In addition, mulching around the plant will help significantly. Organic mulch works best. It helps retain moisture and adds nutrients to the soil as it breaks down. Also, if you do mulch do not put in too thick of a layer. 3" should suffice. And try not to have the mulch thicker than 1/2" or so next to the trunk or low hanging branches. This promotes rot and unwanted fungus'.
  5. BASIC

    BASIC LawnSite Member
    Messages: 83

    Thanks,if the fall is betterI can wait.I forgot to ask,whay about deer?We have a very high population where I live.BASIC.
  6. DJL

    DJL LawnSite Member
    Messages: 237

    There are some shrubs that deer don't seem to like. The three I find most effective are Andromeda's, Rhododendron's, and barberry's. For some reasons they don't touch these. Mass plantings of these two look nice. Not very good for a focal point or stand alone shrub, IMO.

    As far as deciduous trees go, they will eat any type of tree, especially the buds in springtime, or over the winter. Best case for an immature tree is too fence it in. Especially in the winter when food is scarce due to snow and ice storms.

    As for evergreen trees, they will eat most of those also. It's like ringing a dinner bell in the wintertime. However, they don't sem to like colorado blue spruces. If you are looking for a border shrub, natural fenceline, and/or windbreak this should work well for you. Very expense though, but if you are using seedlings then they are much cheaper. But you won't have an adequate windbreak for over 10 years.

    They will eat up yews and azalea's. Don't bother without fencing or garlic, or irish spring soap or whatever other method to deter them.
  7. D Felix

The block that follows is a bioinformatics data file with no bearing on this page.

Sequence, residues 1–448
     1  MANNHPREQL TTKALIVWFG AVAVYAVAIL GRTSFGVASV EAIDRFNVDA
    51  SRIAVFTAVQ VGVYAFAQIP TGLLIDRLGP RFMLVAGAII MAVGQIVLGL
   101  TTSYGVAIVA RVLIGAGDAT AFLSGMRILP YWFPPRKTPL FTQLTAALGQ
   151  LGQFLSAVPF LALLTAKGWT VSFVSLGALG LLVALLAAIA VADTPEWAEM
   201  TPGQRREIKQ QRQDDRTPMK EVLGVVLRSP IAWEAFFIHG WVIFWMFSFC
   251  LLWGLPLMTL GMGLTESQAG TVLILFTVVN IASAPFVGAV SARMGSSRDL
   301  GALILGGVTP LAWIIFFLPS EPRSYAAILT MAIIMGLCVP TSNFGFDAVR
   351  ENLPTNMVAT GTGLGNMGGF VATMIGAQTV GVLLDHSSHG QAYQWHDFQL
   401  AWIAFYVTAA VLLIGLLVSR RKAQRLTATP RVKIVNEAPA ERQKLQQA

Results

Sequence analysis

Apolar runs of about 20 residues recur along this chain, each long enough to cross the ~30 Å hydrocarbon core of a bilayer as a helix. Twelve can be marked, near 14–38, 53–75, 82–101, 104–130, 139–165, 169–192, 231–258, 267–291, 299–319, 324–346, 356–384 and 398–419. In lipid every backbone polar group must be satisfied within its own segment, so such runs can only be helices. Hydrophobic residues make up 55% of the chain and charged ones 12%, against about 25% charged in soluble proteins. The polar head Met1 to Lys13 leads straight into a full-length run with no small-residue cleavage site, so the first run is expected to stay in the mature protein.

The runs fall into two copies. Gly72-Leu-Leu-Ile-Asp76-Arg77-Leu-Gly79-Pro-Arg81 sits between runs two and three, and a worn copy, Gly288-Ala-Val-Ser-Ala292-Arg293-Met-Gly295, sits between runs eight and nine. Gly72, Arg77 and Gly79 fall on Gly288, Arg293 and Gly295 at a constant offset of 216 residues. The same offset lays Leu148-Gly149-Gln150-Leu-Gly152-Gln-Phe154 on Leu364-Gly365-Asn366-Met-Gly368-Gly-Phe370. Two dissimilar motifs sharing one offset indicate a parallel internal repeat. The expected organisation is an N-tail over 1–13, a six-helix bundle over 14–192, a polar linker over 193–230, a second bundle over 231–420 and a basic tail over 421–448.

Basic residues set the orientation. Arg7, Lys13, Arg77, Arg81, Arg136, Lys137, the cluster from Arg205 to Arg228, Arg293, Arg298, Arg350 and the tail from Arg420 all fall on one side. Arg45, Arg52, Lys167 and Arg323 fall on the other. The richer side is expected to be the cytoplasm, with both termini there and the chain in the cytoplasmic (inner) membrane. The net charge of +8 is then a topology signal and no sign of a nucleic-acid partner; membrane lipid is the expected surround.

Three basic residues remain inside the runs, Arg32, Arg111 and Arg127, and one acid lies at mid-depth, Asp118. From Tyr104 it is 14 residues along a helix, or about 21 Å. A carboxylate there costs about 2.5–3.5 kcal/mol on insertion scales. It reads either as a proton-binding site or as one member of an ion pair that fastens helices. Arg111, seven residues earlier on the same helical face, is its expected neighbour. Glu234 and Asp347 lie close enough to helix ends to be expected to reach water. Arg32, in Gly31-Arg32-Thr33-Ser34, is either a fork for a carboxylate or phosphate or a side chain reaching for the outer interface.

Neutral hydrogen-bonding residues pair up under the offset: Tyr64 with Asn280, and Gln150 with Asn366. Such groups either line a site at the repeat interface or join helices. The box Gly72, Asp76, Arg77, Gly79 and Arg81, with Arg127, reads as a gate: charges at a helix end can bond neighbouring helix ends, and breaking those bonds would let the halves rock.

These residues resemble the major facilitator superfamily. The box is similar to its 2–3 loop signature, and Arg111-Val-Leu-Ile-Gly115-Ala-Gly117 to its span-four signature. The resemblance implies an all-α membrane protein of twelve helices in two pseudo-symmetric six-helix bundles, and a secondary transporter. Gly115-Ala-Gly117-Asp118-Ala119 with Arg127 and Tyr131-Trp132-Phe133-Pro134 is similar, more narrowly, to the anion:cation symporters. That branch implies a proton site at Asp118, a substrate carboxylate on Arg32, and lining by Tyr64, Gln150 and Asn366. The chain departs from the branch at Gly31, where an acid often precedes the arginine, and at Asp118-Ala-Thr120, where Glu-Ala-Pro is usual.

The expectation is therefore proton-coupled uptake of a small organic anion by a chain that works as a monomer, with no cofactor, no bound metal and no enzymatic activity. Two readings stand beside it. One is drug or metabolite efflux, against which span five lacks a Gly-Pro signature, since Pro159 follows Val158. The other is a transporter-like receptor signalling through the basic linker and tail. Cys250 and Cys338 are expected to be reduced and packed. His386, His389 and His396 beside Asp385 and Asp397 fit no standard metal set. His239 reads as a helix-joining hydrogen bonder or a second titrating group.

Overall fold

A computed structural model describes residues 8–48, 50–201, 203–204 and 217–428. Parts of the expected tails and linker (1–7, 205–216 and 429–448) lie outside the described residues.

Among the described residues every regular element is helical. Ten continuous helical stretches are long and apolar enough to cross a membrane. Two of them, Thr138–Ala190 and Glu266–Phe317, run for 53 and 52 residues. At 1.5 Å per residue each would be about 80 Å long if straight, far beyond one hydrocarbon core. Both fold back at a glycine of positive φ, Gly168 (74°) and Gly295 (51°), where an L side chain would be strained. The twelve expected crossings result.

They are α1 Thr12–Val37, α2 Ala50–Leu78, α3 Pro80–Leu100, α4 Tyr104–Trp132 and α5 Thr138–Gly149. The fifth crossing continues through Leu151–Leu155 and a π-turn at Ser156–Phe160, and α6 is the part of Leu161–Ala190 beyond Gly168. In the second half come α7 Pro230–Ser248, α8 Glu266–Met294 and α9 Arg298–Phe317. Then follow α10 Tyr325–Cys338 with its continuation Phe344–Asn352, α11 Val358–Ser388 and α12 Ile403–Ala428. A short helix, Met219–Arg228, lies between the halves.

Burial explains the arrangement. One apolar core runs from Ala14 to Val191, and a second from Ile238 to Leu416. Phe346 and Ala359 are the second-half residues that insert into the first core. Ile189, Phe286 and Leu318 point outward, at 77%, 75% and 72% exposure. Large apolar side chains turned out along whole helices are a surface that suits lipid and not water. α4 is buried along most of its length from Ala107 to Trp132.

D Felix LawnSite Bronze Member
    Messages: 1,898

    Also, you DO want to remove the ropes/burlap from around the base of the tree, contrary to what was originally posted. The burlap and ropes will decompose over time, however, they will not decompose fast enough to cause damage to the tree. Simply cut the ropes off, and fold the burlap down around the edges of the root ball.

    There is no need to remove the entire wire basket. Usually cutting off the top "row" of wire is enough.

    Find the root flare, and plant that at or slightly above the existing grade. The root flare is where the trunk literally flares out into roots, hence the term. Once you remove the ropes and pull back the burlap, use a claw-type garden tool or small trowel to gently remove the soil from the top of the ball until you find the flare. I've had trees that have required no excavation to find the flare (very rare though), and I've also had trees that the flare was 6-8"+ down into the ball.

    Stake the tree as needed, the stakes should be removed after a full growing season has passed.


  8. DJL

    DJL LawnSite Member
    Messages: 237

    D Felix,